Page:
Meaningful SEO Metrics: Going Beyond the Numbers
After a delicious lunch that makes all those years of boxed lunches look sad, I’ve run back downstairs to finish out the afternoon with three more sessions. The panelist here are already joking about starting cocktail hour. I think Zwicky started it. Gotta watch that guy every minute. Speaking of the panelists, let’s meet them:
Moderator Chris Boggs, Rosetta, is heading things up and we’ll be getting all the good information from speakers (left to right): Jeff Ferguson, Local.com; Dave Tan, Resolution Media; Linda Ramsey, Restaurant.com; and Richard Zwicky, Enquisite.
This is another Q&A heavy session. Why do I stumble into these things?
Each of the speakers does a little bit of an introduction of who they are and what they do but I’ve linked to their bios so I’ll just give you highlights.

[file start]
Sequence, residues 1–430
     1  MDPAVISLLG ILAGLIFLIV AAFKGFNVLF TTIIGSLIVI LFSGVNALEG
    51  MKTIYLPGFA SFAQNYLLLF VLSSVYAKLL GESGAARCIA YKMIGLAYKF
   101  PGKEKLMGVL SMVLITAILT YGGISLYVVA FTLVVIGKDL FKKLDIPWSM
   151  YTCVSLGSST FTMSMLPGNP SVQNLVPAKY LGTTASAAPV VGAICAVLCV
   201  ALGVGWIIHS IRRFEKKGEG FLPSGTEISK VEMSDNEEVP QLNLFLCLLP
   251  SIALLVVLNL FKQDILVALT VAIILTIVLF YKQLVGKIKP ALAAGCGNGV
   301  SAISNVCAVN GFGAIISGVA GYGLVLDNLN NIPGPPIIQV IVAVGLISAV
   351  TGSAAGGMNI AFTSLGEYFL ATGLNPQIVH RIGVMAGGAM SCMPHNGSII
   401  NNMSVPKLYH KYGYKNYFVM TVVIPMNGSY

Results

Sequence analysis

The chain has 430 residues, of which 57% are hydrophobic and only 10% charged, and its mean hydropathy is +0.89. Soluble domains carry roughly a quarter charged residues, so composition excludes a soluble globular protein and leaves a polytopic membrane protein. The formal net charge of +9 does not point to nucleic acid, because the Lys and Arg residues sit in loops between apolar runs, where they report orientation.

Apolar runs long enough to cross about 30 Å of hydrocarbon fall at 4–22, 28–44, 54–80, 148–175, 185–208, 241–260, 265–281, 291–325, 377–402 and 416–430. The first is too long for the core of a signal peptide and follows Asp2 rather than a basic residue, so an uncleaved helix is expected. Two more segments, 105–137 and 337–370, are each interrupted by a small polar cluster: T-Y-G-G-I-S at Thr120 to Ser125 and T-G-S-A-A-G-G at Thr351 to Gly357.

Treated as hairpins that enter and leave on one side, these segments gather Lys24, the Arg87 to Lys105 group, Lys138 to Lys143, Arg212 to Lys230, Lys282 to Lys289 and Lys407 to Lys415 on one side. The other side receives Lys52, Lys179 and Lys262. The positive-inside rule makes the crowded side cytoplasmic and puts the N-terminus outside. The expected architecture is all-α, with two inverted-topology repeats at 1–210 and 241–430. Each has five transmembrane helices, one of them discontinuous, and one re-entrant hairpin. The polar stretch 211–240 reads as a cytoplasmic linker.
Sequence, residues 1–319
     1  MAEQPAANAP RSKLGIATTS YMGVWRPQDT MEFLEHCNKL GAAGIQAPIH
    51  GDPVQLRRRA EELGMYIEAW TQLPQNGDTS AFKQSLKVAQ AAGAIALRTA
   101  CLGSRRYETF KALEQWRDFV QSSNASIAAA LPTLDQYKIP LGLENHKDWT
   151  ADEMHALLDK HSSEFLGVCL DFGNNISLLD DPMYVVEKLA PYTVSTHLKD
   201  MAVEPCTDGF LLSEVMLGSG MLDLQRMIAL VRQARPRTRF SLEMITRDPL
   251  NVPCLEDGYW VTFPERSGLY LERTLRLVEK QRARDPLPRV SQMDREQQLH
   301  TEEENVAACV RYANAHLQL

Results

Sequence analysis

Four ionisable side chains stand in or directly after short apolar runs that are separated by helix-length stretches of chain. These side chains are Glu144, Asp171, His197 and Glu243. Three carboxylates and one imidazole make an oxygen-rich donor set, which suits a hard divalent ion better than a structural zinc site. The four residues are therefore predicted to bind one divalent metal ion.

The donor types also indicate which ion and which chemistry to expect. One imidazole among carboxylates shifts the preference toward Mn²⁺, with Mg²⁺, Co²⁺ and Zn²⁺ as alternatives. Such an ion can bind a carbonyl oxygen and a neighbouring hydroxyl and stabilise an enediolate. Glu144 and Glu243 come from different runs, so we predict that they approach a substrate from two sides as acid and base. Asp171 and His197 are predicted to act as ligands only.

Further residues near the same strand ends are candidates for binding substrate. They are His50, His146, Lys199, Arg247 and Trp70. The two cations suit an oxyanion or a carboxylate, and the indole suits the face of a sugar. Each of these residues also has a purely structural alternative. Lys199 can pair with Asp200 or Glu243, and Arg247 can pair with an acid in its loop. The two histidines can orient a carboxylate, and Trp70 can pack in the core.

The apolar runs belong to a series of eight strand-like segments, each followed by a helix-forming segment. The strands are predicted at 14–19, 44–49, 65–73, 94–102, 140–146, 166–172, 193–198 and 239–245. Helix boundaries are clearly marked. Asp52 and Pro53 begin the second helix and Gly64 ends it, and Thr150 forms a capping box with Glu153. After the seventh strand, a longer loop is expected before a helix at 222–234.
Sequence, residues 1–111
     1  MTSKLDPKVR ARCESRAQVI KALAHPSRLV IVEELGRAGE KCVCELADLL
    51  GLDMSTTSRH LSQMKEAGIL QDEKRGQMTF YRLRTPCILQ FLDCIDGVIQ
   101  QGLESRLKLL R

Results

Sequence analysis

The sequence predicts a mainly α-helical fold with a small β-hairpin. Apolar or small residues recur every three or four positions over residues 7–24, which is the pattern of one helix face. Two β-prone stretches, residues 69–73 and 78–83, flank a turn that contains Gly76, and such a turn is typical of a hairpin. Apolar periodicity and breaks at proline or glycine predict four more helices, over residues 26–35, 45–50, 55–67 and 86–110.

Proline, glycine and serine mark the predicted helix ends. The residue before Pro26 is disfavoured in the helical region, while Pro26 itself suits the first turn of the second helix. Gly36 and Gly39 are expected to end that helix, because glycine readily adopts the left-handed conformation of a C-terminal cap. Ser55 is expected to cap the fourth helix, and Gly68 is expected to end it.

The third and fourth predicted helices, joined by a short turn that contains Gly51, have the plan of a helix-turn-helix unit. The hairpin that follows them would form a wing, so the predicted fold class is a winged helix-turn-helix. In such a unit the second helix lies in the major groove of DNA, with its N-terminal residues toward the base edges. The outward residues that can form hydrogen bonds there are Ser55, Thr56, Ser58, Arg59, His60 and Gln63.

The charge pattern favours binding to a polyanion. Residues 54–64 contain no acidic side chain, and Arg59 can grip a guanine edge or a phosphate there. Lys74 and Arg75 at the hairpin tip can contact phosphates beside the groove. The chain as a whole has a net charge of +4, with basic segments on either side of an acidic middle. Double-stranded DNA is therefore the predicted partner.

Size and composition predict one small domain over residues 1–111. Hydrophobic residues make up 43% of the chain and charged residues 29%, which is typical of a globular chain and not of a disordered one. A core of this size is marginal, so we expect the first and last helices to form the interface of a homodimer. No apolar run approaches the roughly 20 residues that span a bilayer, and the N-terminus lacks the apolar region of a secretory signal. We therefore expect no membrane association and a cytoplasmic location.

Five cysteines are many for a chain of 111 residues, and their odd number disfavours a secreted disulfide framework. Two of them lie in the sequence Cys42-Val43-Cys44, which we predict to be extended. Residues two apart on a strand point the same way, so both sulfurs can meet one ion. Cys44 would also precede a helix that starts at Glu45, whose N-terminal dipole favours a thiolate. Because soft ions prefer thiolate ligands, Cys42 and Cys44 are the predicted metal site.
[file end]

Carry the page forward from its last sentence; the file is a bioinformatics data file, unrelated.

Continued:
Linda says her company’s challenge is that they get a great deal of non-targeted traffic that they need to convince and convert. Because they have such a generic keyword term, they often don’t match expectations.
Dave focuses on all the areas of optimization, not just search but social and display, etc. His metrics depend largely on the goal of the project but it’s always all about conversion and usually revenue.
Jeff pitched this panel last year based on his experiences at Napster. He realized that a lot of the metrics that SEOs focus on are worthless to a C-level staff. They don’t care about PageRank and link counts. They care about bottom line.
A friend of the show, Richard has the unique perspective of having built an SEO company before Enquisite. He knows well the problem of measuring SEO, so he’s focused on finding the metrics that will prove value.
Chris offered to let people tweet questions at him for the panel. He’s @boggles which is the best username ever.